Abstract. 1. The effects of climate change on the distribution of species are typically inferred using bioclimatic envelope models, assuming either no or unrestricted dispersal abilities. Information on species-specific dispersal abilities, especially of animals, is rarely incorporated.
2. We analysed European records of two damselflies and four dragonflies protected by the Habitats Directive of the European Union. In addition to no or unrestricted dispersal scenarios, we considered species-specific dispersal distances based on literature information to improve realism in assessing conservation implications of climate change. The climate model HadCM3 and the emission scenario A2 were applied to project potential changes in occurrence probabilities up to 2035. As modelling algorithms, generalised linear models (GLM) and boosted regression trees (BRT) were used.
3. The species Coenagrion ornatum, Coenagrion mercuriale and Ophiogomphus cecilia are projected to lose range (up to −68%) when incorporating specific dispersal distances, while they are projected to extend their range (up to +23%) in the unrestricted dispersal scenario. Furthermore, suitable climatic conditions tend to decline for Leucorrhinia albifrons and Leucorrhina caudalis (up to −73%), whereas Leucorrhinia pectoralis is projected to gain distribution area (up to +37%) assuming either species-specific or unrestricted dispersal and subsequently successful breeding. Cross-validated model performance (AUC values) ranges between 0.77 and 0.92.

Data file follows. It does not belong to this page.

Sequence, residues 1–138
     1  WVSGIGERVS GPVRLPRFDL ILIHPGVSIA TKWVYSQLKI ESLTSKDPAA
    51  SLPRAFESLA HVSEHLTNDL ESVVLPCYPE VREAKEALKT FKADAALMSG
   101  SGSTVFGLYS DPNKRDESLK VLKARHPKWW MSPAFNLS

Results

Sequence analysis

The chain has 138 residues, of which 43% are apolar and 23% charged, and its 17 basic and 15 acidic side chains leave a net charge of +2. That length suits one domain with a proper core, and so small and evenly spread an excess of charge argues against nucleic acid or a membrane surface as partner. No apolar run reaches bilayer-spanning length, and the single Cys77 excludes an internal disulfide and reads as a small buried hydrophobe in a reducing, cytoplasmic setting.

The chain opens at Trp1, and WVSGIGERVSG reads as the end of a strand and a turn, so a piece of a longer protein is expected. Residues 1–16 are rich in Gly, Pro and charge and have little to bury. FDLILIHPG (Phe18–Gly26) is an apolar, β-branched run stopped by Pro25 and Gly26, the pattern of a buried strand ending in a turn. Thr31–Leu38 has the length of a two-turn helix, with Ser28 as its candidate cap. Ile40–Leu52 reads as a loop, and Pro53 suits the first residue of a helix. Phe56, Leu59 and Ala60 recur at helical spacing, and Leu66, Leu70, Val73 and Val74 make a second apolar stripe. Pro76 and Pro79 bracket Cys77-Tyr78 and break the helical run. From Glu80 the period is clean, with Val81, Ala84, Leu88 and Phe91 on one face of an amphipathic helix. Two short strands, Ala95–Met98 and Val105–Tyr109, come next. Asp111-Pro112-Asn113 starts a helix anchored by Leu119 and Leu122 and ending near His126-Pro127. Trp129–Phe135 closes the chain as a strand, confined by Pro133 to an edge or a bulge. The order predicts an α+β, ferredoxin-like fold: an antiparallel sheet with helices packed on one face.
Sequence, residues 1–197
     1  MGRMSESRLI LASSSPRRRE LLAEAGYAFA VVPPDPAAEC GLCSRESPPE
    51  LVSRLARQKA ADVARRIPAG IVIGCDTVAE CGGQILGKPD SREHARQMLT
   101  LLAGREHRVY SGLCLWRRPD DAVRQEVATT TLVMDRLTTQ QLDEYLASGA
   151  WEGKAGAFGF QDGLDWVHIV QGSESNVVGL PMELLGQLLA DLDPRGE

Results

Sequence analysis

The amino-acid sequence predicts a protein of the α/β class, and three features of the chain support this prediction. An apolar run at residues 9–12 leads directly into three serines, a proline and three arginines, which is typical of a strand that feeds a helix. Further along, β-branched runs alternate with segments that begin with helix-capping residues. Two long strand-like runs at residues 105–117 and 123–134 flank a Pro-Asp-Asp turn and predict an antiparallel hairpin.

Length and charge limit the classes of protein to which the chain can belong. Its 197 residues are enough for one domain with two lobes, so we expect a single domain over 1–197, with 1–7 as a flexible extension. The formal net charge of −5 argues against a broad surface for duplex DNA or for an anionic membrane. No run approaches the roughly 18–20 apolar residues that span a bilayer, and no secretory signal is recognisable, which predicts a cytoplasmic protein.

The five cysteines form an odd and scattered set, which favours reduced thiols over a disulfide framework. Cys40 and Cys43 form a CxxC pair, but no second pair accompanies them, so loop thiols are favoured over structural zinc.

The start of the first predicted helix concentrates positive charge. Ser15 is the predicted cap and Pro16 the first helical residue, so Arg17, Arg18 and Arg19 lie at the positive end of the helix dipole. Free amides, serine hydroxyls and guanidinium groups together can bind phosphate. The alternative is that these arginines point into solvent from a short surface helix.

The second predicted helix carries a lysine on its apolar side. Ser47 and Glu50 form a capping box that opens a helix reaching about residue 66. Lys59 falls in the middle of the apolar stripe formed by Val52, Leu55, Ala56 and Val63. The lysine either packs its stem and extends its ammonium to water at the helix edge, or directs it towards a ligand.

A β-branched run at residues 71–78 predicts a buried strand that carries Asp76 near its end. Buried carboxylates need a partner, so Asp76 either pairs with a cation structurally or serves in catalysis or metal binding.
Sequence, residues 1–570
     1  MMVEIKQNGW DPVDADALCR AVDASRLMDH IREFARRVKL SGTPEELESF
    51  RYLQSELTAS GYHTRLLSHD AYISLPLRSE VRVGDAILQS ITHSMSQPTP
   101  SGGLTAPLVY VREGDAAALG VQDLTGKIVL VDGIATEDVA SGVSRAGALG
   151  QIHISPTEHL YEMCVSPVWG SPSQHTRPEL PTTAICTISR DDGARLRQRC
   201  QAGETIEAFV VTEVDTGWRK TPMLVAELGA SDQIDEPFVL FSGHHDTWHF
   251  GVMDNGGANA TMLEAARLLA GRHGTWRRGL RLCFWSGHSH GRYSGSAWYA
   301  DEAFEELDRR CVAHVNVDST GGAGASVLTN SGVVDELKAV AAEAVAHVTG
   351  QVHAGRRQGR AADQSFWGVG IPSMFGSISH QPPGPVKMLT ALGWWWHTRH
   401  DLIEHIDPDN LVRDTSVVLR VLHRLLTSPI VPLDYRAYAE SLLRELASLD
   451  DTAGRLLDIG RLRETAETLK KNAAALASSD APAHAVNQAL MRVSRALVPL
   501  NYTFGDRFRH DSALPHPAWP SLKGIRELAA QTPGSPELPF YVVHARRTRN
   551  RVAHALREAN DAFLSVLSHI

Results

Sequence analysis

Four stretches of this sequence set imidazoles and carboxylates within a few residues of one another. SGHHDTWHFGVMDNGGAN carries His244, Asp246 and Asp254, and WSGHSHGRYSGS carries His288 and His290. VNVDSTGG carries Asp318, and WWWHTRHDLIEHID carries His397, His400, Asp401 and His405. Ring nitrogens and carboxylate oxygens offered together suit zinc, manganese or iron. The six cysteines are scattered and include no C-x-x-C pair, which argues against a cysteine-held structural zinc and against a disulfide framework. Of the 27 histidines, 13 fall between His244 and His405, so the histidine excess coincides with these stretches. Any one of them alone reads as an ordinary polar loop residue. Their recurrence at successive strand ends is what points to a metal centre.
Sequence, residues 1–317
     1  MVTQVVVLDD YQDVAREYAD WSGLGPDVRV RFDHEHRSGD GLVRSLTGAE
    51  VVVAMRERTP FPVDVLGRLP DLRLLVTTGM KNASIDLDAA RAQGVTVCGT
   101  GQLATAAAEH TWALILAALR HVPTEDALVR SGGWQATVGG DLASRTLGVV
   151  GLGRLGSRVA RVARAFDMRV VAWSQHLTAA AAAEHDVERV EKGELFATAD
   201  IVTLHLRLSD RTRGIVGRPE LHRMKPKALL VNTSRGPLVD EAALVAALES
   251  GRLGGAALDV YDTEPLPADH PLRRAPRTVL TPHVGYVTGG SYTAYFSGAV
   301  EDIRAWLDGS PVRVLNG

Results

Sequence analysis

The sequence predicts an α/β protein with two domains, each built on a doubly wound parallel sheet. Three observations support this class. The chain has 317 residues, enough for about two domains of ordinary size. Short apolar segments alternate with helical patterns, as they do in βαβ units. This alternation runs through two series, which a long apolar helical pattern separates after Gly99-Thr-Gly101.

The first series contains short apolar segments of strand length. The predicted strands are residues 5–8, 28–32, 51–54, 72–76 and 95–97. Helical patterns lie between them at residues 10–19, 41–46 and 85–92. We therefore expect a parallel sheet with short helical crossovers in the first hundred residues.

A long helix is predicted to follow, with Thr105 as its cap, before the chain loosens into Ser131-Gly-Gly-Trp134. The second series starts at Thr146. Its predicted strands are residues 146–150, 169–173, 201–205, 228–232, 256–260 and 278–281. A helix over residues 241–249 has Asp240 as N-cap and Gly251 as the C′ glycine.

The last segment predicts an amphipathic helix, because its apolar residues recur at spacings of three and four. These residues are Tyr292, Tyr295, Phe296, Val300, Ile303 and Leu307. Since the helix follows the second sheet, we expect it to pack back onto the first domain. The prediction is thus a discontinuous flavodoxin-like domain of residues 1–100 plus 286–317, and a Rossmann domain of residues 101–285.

4. The integration of species-specific knowledge about dispersal distances in species distribution models promises to improve estimates of potential range changes and their implications for conservation management. Contrasting model results under different dispersal scenarios highlight the importance of research on species’ ecology including dispersal distances.